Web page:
Of the final 204 patients, 123-chose dialysis (60%), and 81 elected for conservative care (40%). A flowchart outlining the exclusion of patients is shown in Fig 1. Patients who chose conservative care over dialysis were older (83.7 ± 4.2 years versus 78.9 ± 2.8 years, p <0.001), and more likely to live alone and have peripheral vascular disease (PVD). A full outline of baseline characteristics comparing the dialysis and conservative care groups is found in Table 1. Table 1 also compares baseline characteristics of dialysis patients who chose haemodialysis versus those who chose peritoneal dialysis. There was no difference seen between these groups.
Key: HD = haemodialysis; PD = peritoneal dialysis; CC = conservative care.
Over a mean follow up from first eGFR ≤15 mL/min/1.73m2 of 35.1 ± 22.1 months, 52 of the dialysis patients (42.3%) started dialysis. For these patients, the median time to dialysis from first eGFR ≤15 mL/min/1.73m2 was 16.3 months (IQR, 9.2–27.5). No patients who chose conservative care switched to dialysis during follow up. Likewise, there were no transplants during follow up. In the dialysis group there were 72 deaths (58.5%), of which 44 (62% of deaths) were in patients who had not yet started dialysis. In the conservative care group there were 67 deaths (82.7%). There was no difference in the rate of change of eGFR between groups. The annualised mean rate of change of eGFR in dialysis patients was -2.7 ± 0.9 mL/min/1.73m2 per year, compared with -2.5 ± 1.3 mL/min/1.73m2 per year in the conservative care group.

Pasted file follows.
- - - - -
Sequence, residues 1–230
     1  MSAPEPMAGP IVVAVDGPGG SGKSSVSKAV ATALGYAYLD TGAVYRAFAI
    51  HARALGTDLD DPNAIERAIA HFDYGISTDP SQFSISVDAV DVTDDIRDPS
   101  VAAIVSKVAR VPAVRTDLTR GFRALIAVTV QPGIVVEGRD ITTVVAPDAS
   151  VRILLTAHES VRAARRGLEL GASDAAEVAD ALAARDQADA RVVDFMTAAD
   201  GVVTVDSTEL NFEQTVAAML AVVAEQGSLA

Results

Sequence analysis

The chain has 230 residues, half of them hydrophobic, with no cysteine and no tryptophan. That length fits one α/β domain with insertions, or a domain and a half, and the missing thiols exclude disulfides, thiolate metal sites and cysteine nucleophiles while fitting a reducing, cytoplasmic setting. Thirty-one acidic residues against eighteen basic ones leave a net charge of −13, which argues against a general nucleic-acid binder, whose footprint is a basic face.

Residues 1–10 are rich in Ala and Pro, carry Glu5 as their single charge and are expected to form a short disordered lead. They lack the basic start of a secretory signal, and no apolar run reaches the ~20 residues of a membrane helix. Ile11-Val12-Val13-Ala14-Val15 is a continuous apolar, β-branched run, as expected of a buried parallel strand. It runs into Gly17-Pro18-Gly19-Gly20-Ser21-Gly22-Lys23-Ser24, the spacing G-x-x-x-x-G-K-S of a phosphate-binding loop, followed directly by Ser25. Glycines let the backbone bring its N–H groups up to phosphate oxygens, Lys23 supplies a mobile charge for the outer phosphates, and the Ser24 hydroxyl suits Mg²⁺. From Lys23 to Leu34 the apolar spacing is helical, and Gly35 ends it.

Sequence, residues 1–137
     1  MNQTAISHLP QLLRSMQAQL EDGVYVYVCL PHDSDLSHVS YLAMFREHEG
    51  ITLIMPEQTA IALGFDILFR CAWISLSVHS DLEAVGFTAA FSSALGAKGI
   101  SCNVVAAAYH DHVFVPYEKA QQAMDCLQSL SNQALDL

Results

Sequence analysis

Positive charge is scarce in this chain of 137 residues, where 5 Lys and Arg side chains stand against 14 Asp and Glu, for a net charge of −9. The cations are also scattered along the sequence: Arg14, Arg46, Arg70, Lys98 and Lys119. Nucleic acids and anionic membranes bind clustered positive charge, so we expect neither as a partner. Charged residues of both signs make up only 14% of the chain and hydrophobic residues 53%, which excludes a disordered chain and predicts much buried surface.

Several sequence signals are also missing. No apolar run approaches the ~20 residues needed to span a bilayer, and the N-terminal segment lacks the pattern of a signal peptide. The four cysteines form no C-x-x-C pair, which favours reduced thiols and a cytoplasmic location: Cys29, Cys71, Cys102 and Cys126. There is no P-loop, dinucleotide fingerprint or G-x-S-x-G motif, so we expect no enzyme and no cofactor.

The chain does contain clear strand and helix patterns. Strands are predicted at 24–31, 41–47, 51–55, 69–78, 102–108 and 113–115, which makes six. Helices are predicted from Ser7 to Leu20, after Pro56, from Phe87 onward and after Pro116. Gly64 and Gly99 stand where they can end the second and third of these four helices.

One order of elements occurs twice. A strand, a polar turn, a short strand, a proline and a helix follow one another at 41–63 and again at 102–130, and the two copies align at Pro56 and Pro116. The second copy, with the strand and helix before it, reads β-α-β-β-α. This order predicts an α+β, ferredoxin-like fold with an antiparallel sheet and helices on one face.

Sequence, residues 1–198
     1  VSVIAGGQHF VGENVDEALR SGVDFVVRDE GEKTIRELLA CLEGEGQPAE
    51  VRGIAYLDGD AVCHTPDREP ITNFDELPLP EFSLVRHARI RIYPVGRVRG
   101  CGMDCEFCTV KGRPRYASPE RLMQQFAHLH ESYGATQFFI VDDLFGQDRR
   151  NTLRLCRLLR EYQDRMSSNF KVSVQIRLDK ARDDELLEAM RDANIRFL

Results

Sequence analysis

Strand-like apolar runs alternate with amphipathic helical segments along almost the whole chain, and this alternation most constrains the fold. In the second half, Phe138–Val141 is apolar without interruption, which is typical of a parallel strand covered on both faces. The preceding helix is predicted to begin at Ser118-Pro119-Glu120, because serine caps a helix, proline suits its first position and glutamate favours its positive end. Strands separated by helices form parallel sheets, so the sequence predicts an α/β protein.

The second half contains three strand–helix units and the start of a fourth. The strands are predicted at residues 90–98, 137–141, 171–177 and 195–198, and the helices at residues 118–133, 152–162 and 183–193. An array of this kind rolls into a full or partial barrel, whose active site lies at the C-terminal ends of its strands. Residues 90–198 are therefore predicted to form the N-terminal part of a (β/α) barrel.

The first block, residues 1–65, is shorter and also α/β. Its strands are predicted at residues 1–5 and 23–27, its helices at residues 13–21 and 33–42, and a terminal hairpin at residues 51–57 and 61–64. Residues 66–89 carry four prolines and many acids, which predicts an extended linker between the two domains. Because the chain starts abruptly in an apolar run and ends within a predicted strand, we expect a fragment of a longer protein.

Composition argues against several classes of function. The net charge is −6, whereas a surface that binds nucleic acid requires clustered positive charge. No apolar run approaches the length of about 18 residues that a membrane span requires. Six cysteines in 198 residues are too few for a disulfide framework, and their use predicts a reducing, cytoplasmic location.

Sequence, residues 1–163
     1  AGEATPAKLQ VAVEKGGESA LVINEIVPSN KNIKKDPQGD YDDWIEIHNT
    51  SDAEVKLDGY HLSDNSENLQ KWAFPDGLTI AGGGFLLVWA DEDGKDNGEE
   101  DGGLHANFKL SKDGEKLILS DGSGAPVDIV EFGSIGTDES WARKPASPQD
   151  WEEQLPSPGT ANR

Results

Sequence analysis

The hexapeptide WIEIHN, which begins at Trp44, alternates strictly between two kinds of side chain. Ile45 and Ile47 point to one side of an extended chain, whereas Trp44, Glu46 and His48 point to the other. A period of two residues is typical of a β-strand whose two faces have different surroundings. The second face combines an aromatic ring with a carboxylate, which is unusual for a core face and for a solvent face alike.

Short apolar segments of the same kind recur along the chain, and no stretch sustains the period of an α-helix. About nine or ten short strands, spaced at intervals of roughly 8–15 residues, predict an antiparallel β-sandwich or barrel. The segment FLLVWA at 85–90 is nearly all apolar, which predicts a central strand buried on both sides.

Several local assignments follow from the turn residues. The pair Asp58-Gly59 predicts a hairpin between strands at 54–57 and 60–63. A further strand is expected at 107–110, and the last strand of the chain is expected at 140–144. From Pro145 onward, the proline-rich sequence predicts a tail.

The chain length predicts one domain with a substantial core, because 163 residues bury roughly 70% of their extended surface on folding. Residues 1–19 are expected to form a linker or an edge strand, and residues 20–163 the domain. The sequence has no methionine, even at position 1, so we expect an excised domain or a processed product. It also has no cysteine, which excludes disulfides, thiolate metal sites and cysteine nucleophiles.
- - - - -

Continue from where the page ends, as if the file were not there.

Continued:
The survival analysis from first eGFR ≤15 mL/min/1.73m2 using a Cox proportional hazard model was adjusted for age, PVD and living alone as per Table 1. The adjusted hazard ratio for death in the dialysis group compared to the conservative care group was 0.61 (95% confidence intervals 0.41–0.91, p = 0.01). An adjusted survival curve comparing groups is shown in Fig 2. In the propensity score matching, 40 pairs were matched (mean propensity score in dialysis group = 0.452 ± 0.203, in CC group = 0.458 ± 0.207). In these matched pairs, one year after eGFR first <15 mL/min/1.73m2, the OR for mortality in the dialysis group compared to the conservative care group was 0.38 (0.09–1.60). At three years, the OR was 0.36 (0.12–1.06), and at 5 years was 0.70 (0.13–3.70). These are shown in Table 2.